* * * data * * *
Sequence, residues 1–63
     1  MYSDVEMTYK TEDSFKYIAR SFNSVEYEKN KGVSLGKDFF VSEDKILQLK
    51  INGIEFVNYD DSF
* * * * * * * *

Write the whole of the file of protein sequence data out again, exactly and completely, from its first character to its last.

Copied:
Sequence, residues 1–63
     1  MYSDVEMTYK TEDSFKYIAR SFNSVEYEKN KGVSLGKDFF VSEDKILQLK
    51  INGIEFVNYD DSF